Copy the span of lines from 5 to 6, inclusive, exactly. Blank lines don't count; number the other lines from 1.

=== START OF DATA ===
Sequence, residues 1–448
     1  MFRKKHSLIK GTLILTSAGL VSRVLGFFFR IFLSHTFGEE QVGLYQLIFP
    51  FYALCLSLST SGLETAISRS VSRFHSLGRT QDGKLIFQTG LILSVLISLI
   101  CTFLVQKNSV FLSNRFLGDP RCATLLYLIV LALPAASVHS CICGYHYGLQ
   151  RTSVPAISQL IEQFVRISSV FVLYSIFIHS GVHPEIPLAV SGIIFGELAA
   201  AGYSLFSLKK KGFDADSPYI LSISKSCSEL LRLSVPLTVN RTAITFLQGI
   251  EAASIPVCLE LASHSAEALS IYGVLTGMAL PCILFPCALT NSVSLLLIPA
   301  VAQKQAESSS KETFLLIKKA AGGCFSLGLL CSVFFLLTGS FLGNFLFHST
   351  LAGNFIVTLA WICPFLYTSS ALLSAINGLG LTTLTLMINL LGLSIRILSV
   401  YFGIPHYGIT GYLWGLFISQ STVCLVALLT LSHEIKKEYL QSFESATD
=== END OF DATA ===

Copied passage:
   151  RTSVPAISQL IEQFVRISSV FVLYSIFIHS GVHPEIPLAV SGIIFGELAA
   201  AGYSLFSLKK KGFDADSPYI LSISKSCSEL LRLSVPLTVN RTAITFLQGI